Although we’ve emphasized the necessity of a convincing pitch, complete with a compelling video and back-story, there are many more things one must do prior to the launch of a successful crowdfunding campaign. On the day before your project goes live, you must already have an established game-plan that will run for the full duration of your campaign. But strategizing this schedule well in-advance is not easy to do unless you’re prepared, informed, and confident. By following the seven pre-crowdfunding steps below, your campaign will be a success right from the start!
#1) Build a Fan Base
Reaching out to fans should be a primary concern before launching a campaign. Thankfully, social media networks have made this even easier — but don’t forget to actually meet-up with some of your biggest (most valuable) fans prior to launch. When it comes to networking, having pre-existing support could make the difference between success and failure. You need to get a few contacts on your side to aggressively promote for you. In terms of overall engagement, try tossing your ideas to the crowd beforehand, getting them involved and excited about what’s to come. A tip for locating and approaching a target audience is to browse any websites, blogs, and forums frequently visited by a similar audience and pitch to them directly. Sometimes, even teaming up with these popular websites can help market your campaign.
#2) Research Your Target Market
Finding fans and establishing a market go hand-and-hand. Close fans and friends are important to help get your campaign started at first, but after a while you need to think about how to influence people on a wider scale. In saying this, it’s important not to pitch too generally; otherwise, converting viewers into supporters will be a lost cause. Be sure to form an active relationship with many of the top players in your market because this could also give your campaign the credibility and power it needs to thrive. During this step, analyze your industry’s climate: who are the competitors, how are sales, is it growing, etc.
#3) Choose a Portal
With hundreds of active portals online, selecting the right one takes a fair amount of research. You must consider what each portal’s community has to offer (ie. size, reputation), the model of the site (ie. all-or-nothing, all-or-something), the type of crowdfunding used (ie. donation-based, equity, reward), and the specificity of the portal. The “specificity of the portal” goes back to a few of our older posts in which we explored some of the options available to bio-tech startups andathletes. While the most popular portals are often business or arts related, focusing in on a smaller portal related to your industry could boost your chances of success.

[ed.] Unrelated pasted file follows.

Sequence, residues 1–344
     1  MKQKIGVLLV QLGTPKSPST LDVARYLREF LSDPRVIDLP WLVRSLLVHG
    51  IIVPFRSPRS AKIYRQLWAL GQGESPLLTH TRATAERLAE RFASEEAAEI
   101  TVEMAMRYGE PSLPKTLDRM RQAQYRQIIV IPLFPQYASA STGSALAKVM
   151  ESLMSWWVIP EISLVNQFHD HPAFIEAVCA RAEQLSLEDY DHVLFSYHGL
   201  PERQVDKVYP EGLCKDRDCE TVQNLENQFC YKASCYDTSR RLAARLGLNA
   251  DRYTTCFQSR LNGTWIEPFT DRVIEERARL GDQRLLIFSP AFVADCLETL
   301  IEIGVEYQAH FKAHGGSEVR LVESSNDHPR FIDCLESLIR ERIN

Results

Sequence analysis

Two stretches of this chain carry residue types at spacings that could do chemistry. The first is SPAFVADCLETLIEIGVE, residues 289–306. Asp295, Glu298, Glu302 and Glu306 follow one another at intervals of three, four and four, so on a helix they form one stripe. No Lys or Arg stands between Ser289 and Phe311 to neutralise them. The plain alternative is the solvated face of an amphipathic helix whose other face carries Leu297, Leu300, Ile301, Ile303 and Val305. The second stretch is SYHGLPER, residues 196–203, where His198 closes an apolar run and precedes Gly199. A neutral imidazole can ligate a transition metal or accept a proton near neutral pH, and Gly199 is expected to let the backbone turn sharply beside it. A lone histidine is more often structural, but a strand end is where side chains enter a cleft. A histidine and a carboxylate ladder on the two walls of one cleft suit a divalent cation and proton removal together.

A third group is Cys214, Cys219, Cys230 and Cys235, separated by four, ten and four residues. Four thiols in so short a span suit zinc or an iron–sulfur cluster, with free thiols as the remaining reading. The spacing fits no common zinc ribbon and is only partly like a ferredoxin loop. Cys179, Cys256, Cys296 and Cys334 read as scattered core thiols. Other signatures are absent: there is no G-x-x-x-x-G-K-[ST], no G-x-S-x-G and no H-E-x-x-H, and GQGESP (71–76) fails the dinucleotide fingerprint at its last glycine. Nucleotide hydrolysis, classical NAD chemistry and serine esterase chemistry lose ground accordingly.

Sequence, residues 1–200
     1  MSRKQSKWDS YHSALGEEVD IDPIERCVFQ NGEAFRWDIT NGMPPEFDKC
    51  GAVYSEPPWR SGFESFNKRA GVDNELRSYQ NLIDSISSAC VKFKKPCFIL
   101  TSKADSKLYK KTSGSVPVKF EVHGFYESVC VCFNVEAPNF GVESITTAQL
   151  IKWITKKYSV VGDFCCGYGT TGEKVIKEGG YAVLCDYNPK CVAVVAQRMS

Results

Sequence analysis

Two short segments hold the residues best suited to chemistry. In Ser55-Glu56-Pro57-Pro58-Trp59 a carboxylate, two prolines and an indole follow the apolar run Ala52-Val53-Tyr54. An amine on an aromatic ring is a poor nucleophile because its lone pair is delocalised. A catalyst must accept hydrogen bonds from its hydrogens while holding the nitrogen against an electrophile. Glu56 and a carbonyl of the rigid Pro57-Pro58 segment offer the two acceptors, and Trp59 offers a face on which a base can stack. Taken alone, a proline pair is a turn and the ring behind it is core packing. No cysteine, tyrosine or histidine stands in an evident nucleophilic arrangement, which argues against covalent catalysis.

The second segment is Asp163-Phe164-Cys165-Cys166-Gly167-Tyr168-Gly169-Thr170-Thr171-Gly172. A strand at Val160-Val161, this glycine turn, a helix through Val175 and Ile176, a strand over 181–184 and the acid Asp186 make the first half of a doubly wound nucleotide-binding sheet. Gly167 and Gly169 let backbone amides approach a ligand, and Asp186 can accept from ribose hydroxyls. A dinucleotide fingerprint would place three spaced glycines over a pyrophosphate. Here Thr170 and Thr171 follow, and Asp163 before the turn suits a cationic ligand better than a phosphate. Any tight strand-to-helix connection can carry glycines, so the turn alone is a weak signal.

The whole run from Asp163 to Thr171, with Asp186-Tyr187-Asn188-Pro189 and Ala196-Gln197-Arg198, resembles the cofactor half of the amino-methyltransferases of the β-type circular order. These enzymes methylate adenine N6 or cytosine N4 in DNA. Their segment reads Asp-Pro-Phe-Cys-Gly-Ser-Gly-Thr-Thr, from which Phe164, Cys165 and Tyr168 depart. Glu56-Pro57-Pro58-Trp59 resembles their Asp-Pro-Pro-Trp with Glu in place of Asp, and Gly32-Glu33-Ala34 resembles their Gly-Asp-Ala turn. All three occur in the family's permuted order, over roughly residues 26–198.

#4) Setting (Realistic) Financial Goals
What is the total cost of your campaign? This is a heavy question because there are many factors involved: portal fees, the cost of shipping incentives, tax, shooting a video, man-power, etc. Once these costs have been determined, be transparent. Your target audience needs to see where their funds are going in relation to the financial promises you’ve stated during your campaign. If the plans set-forth are not feasible or are overly optimistic, finding supporters will be much more difficult.
Deciding to launch a campaign as a group has its benefits, but it’s not for everyone. Here are a few of the reasons why some people decide to join forces during a crowdfunding campaign: reduced workload, diversity, credibility, and network. Dividing the workload helps ease the pressure of crowdfunding, just as several different perspectives may ensure no base goes uncovered. Four networks instead of one, for instance, has its obvious values as well.
#6) Write, Write, Write
Updates and press releases are an important part of keeping your fans and supporters informed. When it comes to the words, however, how your writing comes across is very important. Awkward phrasing and turgid sentences can hurt the readability of one’s blog, news release, or web content, thus pushing the audience away before you even start your campaign! You need to engage professionally and creatively, finding a happy balance in-between. This balance, of course, may change depending on the industry. Businesses will differ greatly from artists in this matter, but the basic principles still apply. Remember to also carry conversations with your biggest fans!
#7) Carry Your Momentum Forward
Having a few funders in your pocket before moving ahead is essential for new funders to get on-board. Family, friends, and professionals in your immediate network are a good place to look. Simply, if your audience sees that others have invested in your project, they are more likely to side with your cause and support. Many refer to this as the “snowball” effect, which essentially sums up this concept.
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